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Canadian tried in China on spy charges in apparent tit-for-tat case

Security officers in Dandong, China
Security officers stand near a courthouse in Dandong, northeastern China, where a Canadian is being tried on spying charges.
(Ken Moritsugu / Associated Press)

China on Friday put on trial one of two Canadians held for more than two years in apparent retaliation for Canada’s arrest of a senior executive with Chinese telecom company Huawei.

Canada said its consular officials were refused permission to attend the proceedings against Michael Spavor, who is accused by China of stealing state secrets.

Jim Nickel, the Canadian Embassy’s deputy chief of mission, said following a meeting with Spavor’s lawyer that the hearing ended at noon Friday after two hours. No verdict has been announced. Nickel declined to give other details, citing protection of Spavor’s privacy.

In a statement posted on its website, the Intermediate People’s Court of Dandong in the northeastern province of Liaoning said it had held a closed-door hearing on Spavor’s case. It said that Spavor — who is charged with spying and illegally sending state secrets abroad — and his defense lawyers were present for the proceedings and that the court would pronounce a sentence at a date “determined in accordance with law.”

Fellow Canadian Michael Kovrig is due in court Monday. The two were detained in December 2018, days after Huawei executive Meng Wanzhou was arrested at the request of the U.S. at the airport in Vancouver, British Columbia. Kovrig is also charged with spying.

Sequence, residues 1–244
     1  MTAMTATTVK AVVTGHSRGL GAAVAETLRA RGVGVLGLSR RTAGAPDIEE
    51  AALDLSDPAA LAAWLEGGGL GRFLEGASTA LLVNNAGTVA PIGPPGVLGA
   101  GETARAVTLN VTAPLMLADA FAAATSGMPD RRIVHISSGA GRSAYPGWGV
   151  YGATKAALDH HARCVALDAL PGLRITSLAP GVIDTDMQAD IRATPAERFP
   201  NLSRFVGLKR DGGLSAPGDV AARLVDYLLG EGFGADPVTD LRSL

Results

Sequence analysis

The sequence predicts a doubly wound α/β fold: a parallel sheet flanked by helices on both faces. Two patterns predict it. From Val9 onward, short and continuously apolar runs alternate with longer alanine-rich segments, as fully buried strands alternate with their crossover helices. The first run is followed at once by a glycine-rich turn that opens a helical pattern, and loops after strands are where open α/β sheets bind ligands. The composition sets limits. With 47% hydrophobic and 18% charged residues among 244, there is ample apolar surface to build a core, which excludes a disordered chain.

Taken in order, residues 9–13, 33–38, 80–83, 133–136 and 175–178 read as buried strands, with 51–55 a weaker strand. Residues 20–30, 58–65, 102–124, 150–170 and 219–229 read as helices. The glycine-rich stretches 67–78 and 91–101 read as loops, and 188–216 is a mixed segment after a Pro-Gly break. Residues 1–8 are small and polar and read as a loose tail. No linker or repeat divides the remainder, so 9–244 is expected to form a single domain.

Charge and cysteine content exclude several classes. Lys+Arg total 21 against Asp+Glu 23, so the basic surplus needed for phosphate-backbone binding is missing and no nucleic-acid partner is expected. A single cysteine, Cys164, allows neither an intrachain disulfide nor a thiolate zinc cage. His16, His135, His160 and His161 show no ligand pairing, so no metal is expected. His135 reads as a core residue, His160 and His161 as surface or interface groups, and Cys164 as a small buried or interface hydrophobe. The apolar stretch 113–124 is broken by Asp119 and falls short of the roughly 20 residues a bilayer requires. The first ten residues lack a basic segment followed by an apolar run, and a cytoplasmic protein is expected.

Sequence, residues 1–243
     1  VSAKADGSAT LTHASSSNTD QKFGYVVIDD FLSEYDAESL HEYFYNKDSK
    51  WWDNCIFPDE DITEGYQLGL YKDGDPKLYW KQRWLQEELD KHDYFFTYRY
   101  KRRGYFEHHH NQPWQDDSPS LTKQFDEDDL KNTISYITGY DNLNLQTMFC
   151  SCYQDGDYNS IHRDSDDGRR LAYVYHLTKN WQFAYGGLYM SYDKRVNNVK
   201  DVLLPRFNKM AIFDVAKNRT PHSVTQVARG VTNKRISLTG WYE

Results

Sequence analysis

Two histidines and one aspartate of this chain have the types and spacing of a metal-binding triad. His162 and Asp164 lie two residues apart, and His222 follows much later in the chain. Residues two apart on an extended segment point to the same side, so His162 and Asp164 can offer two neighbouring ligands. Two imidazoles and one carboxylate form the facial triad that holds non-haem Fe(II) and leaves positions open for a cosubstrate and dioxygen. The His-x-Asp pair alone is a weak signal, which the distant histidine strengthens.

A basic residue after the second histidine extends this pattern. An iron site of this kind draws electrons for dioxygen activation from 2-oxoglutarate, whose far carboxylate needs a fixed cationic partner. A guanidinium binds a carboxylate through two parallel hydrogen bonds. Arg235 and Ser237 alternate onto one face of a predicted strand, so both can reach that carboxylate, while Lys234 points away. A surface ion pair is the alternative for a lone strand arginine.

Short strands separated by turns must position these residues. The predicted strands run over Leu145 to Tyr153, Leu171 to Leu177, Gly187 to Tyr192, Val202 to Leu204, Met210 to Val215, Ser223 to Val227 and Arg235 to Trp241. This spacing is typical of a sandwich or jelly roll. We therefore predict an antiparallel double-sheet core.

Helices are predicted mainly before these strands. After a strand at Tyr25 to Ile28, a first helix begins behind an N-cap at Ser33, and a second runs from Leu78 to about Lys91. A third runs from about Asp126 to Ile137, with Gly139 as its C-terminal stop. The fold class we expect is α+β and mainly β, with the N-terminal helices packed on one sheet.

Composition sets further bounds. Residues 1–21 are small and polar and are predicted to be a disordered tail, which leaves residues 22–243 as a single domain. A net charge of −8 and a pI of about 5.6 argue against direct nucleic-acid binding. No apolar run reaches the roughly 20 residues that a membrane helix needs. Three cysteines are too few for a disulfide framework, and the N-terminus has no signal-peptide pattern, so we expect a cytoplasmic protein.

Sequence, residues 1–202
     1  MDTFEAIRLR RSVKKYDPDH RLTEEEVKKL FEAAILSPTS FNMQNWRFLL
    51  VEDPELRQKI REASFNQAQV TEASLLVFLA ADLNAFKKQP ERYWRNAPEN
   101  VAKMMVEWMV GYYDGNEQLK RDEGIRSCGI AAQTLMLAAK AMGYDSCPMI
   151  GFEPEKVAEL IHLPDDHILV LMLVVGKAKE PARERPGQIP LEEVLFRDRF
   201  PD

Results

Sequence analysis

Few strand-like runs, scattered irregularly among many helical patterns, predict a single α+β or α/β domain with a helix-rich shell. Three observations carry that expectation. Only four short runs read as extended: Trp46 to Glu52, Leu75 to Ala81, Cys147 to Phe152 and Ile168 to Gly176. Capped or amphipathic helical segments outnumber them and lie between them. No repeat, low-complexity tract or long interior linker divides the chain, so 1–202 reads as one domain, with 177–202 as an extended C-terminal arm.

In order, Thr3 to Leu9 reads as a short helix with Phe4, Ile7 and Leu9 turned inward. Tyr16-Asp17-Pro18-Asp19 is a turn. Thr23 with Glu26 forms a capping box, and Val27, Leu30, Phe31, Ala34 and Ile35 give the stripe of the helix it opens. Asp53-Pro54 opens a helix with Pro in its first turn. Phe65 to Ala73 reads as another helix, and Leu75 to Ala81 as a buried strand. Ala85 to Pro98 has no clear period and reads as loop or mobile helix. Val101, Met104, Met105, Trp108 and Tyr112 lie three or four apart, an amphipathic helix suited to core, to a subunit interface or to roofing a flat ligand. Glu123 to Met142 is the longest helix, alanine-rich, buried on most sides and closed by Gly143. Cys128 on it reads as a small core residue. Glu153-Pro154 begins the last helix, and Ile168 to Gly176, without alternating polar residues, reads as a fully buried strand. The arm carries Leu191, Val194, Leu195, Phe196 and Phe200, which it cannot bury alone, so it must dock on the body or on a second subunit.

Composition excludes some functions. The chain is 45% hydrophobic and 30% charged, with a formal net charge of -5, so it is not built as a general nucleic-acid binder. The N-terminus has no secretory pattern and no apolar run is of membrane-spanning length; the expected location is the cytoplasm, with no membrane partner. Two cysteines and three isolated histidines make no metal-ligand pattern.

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The entrance to the courthouse was cordoned off with police tape Friday, and journalists were kept outside, although not detained or told to leave, as often occurs during sensitive legal cases. Police cars and vans with flashing lights passed through the gate to the court complex beside the Yalu River, which divides China from North Korea.

The arrest of a Chinese tech executive in Canada this month has quickly become a focal point in a wider battle between the U.S. and China over trade, national security and trust in the age of globalization.

Earlier, Nickel had knocked on a court door seeking entry but was refused. Another 10 diplomats from eight countries, including the U.S., Britain and Australia, stood on the street opposite the courthouse in a show of support.

International and bilateral treaties require that China provide Canadian diplomats access to the trial, but the court said Chinese law regarding trials on state security charges overrode such obligations, Nickel said.

The U.S. is seeking Meng’s extradition from Canada to face fraud charges related to Huawei’s dealings with Iran, which is under American financial sanctions.

Spavor and Kovrig have been held in China since their arrest, while Meng has been released on bail. The two men were charged in June 2020 with spying under China’s broadly applied national security laws.

Huawei is working on plans for a dedicated chip plant in Shanghai that would not use American technology, enabling it to secure supplies.